This phenomenon is not restricted to the software world. It’s prevalent throughout every industry, every facet of our lives. So why mention it regarding going viral?
Going viral is hard work. It’s made harder when there are barriers or obstacles to overcome, and there are always barriers and obstacles. Because going viral is hard, you need to do the right things and not waste time on useless or unnecessary things. Common sense, right?
The problem with the “Not Invented Here Syndrome” is that people think they have the best widget/gadget/software in the world for their planned conquest—but they really don’t. The result is a product and go to market strategy that falls flat on its face.
When a company falls prey to this condition, they stop looking. They stop looking at the competition, they stop looking at the market, they stop looking objectively at their own product(s), they stop looking at what the customers need and want. Their own opinions and beliefs outweigh the realities of what they are striving to achieve.
It’s a tough slog going to market when your product is not the best and your marketing misses the mark. Yes, I have done this. But I also knew my shortcomings, had realistic expectations and used that first foray to generate revenue so that I could build a better mousetrap and compete effectively.
This condition can happen to small start-ups, but it’s most common in large companies that have enjoyed market dominance and they start believing their own press. Meanwhile some young turks out there are focused on doing the impossible and building a better product while the mega-company is convinced they are the be-all and end-all, only coming out with incremental improvements or cosmetic enhancements while the new guys are changing the world.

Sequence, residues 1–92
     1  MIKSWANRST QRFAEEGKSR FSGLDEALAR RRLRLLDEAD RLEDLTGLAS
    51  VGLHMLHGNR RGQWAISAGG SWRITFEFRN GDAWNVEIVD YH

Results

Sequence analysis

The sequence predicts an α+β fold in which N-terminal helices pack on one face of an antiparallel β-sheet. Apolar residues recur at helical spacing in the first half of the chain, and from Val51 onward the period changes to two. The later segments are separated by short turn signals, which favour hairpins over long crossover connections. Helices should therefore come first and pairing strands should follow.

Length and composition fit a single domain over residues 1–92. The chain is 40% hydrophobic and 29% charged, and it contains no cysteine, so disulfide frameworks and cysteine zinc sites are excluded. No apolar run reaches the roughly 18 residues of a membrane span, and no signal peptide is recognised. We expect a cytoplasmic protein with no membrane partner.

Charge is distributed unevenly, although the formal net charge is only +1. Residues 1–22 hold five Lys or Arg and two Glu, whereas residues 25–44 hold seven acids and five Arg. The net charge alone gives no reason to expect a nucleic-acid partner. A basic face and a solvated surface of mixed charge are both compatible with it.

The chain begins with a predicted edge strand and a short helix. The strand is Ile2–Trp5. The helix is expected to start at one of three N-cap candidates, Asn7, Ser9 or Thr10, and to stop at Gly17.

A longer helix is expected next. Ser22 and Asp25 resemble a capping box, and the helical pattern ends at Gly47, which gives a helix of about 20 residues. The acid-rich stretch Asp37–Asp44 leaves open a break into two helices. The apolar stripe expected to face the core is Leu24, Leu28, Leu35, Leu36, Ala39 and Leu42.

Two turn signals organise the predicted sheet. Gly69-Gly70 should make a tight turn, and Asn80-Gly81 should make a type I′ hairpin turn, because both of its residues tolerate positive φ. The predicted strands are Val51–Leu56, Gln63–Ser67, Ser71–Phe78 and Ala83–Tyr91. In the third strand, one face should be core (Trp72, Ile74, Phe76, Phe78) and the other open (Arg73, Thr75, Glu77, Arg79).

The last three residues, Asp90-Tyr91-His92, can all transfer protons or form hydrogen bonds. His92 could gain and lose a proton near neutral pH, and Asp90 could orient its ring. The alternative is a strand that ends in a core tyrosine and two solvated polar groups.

And what about the company that was the only player in a space, the product is actually mediocre, but their dominant position prevented competition? And then a young upstart comes along with a much better product and starts eating away at market share? How does the goliath respond? What is their mindset when facing an adversary for the first time?
If you think your product is the best, so what? It’s only the best until consumer tastes or expectations change or another whipper-snapper comes along and beats your pants off.
If your market research conclusively proves you have the better mouse trap, congratulations! But remember: sports teams don’t automatically win the championship the following year. Other teams get better, your stars age or get hurt, and the next thing you know you’re playing .500 ball.
Business is the same. Markets change, new products come and go. Just because you’re #1 now doesn’t entitle you to remain #1 forever. Take the rose-colored glasses off and look. Keep the market research going to identify what’s changing, identify the competition, identify what you need to provide to stay competitive and especially better.
Constantly find out what your customers need and are going to need, build it, market it and sell it to them.
The moral of the story is, the moment you think you’re the best is (often) the moment you stop striving to be the best. It’s the moment when you stop paying attention and arrogance and complacency sets in.
Sometimes I think a company needs the threat of extinction to maintain focus, to stay sharp and constantly strive to be better. A little fear can be a great motivator that spurs folks into action.
If you want to become the best, if you want to remain the best, keep your eyes peeled at the market and your competition, and keep driving to create great products that customers want.